Drone Attack on the Saudi Installation and Tensions in the Gulf
Amb D P Srivastava, Distinguished Fellow, VIF

The attack on Saudi oil field in Khurais and refinery in Abqaiq on Sunday has knocked out 5.7 million barrel per day of oil supplies. This is half of Saudi daily oil production; it amounts to 5 percent of global oil supply. There have been attacks on the shipping and oil pipe-lines in the recent past in the Gulf. But in terms of scale, this is vastly different. This has the potential of triggering a major conflagration.

Houthi spokesman claimed responsibility for the attack. But US Secretary of State Pompeo has directly blamed Iran. Saudi statements have been more circumspect. They have confirmed the origin of the equipment as Iranian, but stated that they are still investigating the place of launch. UK, France and Germany have not accepted the position that Iran was responsible for the attack. Iran has disclaimed any responsibility for the attack. Foreign Minister Zarif described US statements linking Iran with the attack as expression of ‘maximum deceit’, in an obvious reference to oft repeated description of Trump Administration’s policy of ‘maximum pressure’.

President Trump made a phone call to Saudi Crown Prince immediately after the attack pledging US support. In a tweet, he said that US was ‘locked and loaded’ to respond. In subsequent statements, he mentioned that he has been more cautious. He has maintained that US has many options, and did not rule out the ultimate option of going to war. But he emphasised that he does not want war. The immediate action is President’s directive to the Treasury to come out with more sanctions.

Saudi Energy Minister and ARAMCO officials have promised to restore the oil supply quickly. But media reports indicate that major buyers in India and China have been told that Saudi Arabia will not be able to supply light crude, which will be replaced by heavier grade. Saudi officials were quick to emphasise that the country was a reliable oil supplier. These comments are aimed at calming the apprehension that the country was vulnerable, which would affect the prospects of launching an IPO at $ 2 trillion valuation for the company. This is part of Crown Prince’s drive to raise money to diversify and reduce Kingdom’s dependence upon oil.

Republican Senator Lindsey Graham has asked US to strike against Iranian refinery. A Trump ally, he was critical of President Trump’s decision not to respond to Iranian downing of US drone earlier. This he said has encouraged more aggressive behaviour on part of Iran. President Trump in response to media questions reminded them that past US decision to go into Middle East, and Iraq, did not help the situation.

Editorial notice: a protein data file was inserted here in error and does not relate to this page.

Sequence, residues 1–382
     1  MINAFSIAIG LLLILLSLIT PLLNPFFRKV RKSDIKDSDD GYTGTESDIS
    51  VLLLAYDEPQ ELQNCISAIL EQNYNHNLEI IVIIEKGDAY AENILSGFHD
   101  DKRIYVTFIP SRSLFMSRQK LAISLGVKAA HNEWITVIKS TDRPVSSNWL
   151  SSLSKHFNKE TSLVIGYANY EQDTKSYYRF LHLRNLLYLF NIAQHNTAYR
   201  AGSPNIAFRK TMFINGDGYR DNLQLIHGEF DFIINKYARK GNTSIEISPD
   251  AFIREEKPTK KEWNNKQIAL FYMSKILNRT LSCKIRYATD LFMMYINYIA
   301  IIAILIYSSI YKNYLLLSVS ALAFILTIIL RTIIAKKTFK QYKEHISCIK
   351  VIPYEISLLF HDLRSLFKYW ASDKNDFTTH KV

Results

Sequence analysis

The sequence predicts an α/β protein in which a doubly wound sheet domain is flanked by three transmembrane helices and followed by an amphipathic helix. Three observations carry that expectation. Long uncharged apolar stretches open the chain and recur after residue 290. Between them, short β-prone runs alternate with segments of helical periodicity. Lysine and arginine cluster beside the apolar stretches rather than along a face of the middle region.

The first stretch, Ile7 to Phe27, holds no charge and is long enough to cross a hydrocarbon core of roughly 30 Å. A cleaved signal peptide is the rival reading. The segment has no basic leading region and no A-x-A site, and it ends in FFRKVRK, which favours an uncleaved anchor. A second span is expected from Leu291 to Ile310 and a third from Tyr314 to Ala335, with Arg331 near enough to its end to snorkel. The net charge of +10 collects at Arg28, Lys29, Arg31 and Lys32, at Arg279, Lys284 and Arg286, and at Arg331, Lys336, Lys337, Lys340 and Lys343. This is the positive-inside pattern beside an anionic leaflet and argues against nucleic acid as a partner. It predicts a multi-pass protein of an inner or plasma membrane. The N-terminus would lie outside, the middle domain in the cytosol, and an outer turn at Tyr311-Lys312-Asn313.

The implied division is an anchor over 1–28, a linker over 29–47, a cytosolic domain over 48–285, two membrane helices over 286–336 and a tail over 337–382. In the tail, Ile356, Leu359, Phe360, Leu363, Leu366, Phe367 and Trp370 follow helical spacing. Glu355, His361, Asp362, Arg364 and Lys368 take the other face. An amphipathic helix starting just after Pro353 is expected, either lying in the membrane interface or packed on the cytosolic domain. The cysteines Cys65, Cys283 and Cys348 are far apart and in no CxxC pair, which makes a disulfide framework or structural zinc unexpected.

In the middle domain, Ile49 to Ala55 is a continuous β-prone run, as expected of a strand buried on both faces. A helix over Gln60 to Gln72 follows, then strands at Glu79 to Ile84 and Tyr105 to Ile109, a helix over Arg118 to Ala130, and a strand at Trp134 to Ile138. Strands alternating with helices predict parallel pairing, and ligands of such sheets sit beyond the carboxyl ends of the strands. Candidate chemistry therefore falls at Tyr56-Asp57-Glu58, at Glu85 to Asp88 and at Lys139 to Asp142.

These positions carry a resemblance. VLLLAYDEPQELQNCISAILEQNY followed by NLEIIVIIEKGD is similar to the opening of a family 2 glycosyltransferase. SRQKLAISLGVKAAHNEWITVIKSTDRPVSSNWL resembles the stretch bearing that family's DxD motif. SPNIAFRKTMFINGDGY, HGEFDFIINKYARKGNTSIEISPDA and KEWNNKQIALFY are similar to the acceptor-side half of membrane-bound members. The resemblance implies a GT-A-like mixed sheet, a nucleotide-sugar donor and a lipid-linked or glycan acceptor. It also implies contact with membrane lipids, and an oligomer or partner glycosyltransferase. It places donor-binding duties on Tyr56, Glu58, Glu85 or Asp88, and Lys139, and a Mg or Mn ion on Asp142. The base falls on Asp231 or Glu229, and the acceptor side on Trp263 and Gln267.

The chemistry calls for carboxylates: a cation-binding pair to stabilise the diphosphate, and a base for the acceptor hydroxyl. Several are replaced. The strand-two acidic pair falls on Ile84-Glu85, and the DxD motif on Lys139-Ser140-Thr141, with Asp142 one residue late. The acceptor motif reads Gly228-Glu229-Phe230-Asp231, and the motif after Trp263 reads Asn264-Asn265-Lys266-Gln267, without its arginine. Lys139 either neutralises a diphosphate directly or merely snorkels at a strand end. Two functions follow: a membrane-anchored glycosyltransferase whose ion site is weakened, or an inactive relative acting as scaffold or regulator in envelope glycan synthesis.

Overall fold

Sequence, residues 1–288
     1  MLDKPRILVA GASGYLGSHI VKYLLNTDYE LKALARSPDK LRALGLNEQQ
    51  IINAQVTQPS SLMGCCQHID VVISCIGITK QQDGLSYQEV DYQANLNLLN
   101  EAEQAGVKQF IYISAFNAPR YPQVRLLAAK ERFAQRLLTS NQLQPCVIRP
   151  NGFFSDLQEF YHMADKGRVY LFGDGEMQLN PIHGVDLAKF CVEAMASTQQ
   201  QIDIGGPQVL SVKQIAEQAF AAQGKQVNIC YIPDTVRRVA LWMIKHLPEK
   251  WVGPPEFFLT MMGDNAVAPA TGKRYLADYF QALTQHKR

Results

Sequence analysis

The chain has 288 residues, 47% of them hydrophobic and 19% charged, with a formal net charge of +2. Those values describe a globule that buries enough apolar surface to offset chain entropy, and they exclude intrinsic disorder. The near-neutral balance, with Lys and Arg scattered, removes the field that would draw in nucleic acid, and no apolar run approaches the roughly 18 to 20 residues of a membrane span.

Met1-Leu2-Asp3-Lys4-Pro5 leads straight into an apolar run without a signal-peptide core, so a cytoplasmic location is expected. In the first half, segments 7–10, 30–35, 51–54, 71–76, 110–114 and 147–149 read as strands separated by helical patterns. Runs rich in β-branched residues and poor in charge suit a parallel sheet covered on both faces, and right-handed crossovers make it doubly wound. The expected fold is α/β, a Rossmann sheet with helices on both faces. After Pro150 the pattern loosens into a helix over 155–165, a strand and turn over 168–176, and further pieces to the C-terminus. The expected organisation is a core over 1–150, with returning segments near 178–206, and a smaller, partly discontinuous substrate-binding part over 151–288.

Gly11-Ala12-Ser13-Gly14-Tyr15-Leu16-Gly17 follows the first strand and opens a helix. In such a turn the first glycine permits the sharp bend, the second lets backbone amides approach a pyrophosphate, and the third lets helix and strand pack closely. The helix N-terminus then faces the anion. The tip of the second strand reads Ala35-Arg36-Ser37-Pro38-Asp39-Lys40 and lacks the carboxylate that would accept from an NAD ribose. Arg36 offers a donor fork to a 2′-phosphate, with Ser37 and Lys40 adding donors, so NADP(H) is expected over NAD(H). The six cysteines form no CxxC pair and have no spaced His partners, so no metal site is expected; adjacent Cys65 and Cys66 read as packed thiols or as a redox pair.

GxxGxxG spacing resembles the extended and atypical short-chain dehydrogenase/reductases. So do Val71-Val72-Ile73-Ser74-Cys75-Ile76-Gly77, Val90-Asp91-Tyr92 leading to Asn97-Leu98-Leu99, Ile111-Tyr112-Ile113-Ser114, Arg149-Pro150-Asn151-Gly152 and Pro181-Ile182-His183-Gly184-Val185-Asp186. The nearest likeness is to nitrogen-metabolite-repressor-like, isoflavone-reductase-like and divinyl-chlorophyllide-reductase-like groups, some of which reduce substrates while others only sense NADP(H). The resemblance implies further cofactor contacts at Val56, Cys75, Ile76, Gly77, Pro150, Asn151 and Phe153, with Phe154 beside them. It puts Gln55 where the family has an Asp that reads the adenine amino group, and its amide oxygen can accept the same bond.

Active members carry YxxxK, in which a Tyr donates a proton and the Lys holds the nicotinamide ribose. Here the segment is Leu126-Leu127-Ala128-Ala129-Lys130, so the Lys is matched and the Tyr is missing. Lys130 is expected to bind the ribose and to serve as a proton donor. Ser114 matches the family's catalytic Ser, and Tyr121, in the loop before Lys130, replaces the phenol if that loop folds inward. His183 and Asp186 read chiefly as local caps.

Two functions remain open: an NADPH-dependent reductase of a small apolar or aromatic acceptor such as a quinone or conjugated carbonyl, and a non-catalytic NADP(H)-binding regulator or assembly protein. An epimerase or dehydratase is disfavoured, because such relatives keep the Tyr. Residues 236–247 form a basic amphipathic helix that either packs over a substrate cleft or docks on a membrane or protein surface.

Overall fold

The incident comes soon after President Trump fired his hawkish National Security Advisor Bolton. This had given rise to hopes that President was clearing the deck for more moderate policies. The fresh escalation has dimmed the prospects. The Republican opinion remains hawkish. The Wall Street Journal in an editorial in fact criticised Trump’s sacking of Bolton. The editorial titled ‘Iran’s Return Handshake’, said the attack has validated Bolton’s judgement, and said that the President might also ‘apologise’ to the NSA he fired.

What is the way forward? The doors to diplomacy may still be open, but political space is narrowing fast. President Trump has stated that he wants to meet President Rouhani during his visit to attend UN General Assembly session. Iran’s Supreme Leader said that that if US ‘repents’, and ‘implements the nuclear deal’ from which they withdrew, then they can take part in talks and negotiations along with other parties to the deal. Otherwise, there will not be any negotiations between the officials of Islamic Republic of Iran and US at any level, either in New York or anywhere. The statement reflects Iran’s anguish on US’s unilateral withdrawal from the nuclear deal which Obama Administration had signed. It also indicates preference for a multilateral frame-work, specifically P 5+1 format in which Russia, China and E-3 (UK, France and Germany) are present.

The Iranian National Security Adviser Admiral Shamkhani has reiterated that Iran wants to resolve issues peacefully, but will give a strong reaction to aggression. FM Zarif has reiterated Supreme Leader’s Statement that there can be no negotiations, unless US returns to the nuclear deal.

Any retaliation against Iran for attack on Saudi facility, on which Iran denies responsibility, would trigger an escalatory dynamics. Sunday attack has shown vulnerability of oil installations to asymmetric warfare. The region supplies nearly 20 percent of world crude oil consumption. There can be no replacement of supplies on this scale. War will spread to other parts of Middle East. In case of India, this affects not only oil supplies, but seven million Indian diaspora in the Gulf region.

(D. P. Srivastava is a former Indian Ambassador to Iran, and a Distinguished Fellow at the VIF)

(The paper is the author’s individual scholastic articulation. The author certifies that the article/paper is original in content, unpublished and it has not been submitted for publication/web upload elsewhere, and that the facts and figures quoted are duly referenced, as needed, and are believed to be correct). (The paper does not necessarily represent the organisational stance... More >>

Image Source: https://upload.wikimedia.org/wikipedia/commons/9/92/Khurais_oil_field_and_Buqyaq_Saudi_Arabia.png

Post new comment

The content of this field is kept private and will not be shown publicly.
12 + 1 =
Solve this simple math problem and enter the result. E.g. for 1+3, enter 4.
Contact Us